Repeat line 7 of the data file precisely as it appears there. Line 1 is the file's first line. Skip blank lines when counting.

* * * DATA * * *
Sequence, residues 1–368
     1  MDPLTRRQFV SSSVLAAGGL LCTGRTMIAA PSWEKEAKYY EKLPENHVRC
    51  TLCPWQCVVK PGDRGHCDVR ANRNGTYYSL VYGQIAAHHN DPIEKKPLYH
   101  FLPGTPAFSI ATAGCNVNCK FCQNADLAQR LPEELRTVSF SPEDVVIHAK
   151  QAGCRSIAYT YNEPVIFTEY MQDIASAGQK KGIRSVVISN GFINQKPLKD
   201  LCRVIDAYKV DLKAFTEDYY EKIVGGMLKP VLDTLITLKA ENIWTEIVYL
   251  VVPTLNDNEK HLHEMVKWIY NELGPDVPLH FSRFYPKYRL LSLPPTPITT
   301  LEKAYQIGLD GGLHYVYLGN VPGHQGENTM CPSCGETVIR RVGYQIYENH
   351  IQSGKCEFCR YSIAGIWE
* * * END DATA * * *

   251  VVPTLNDNEK HLHEMVKWIY NELGPDVPLH FSRFYPKYRL LSLPPTPITT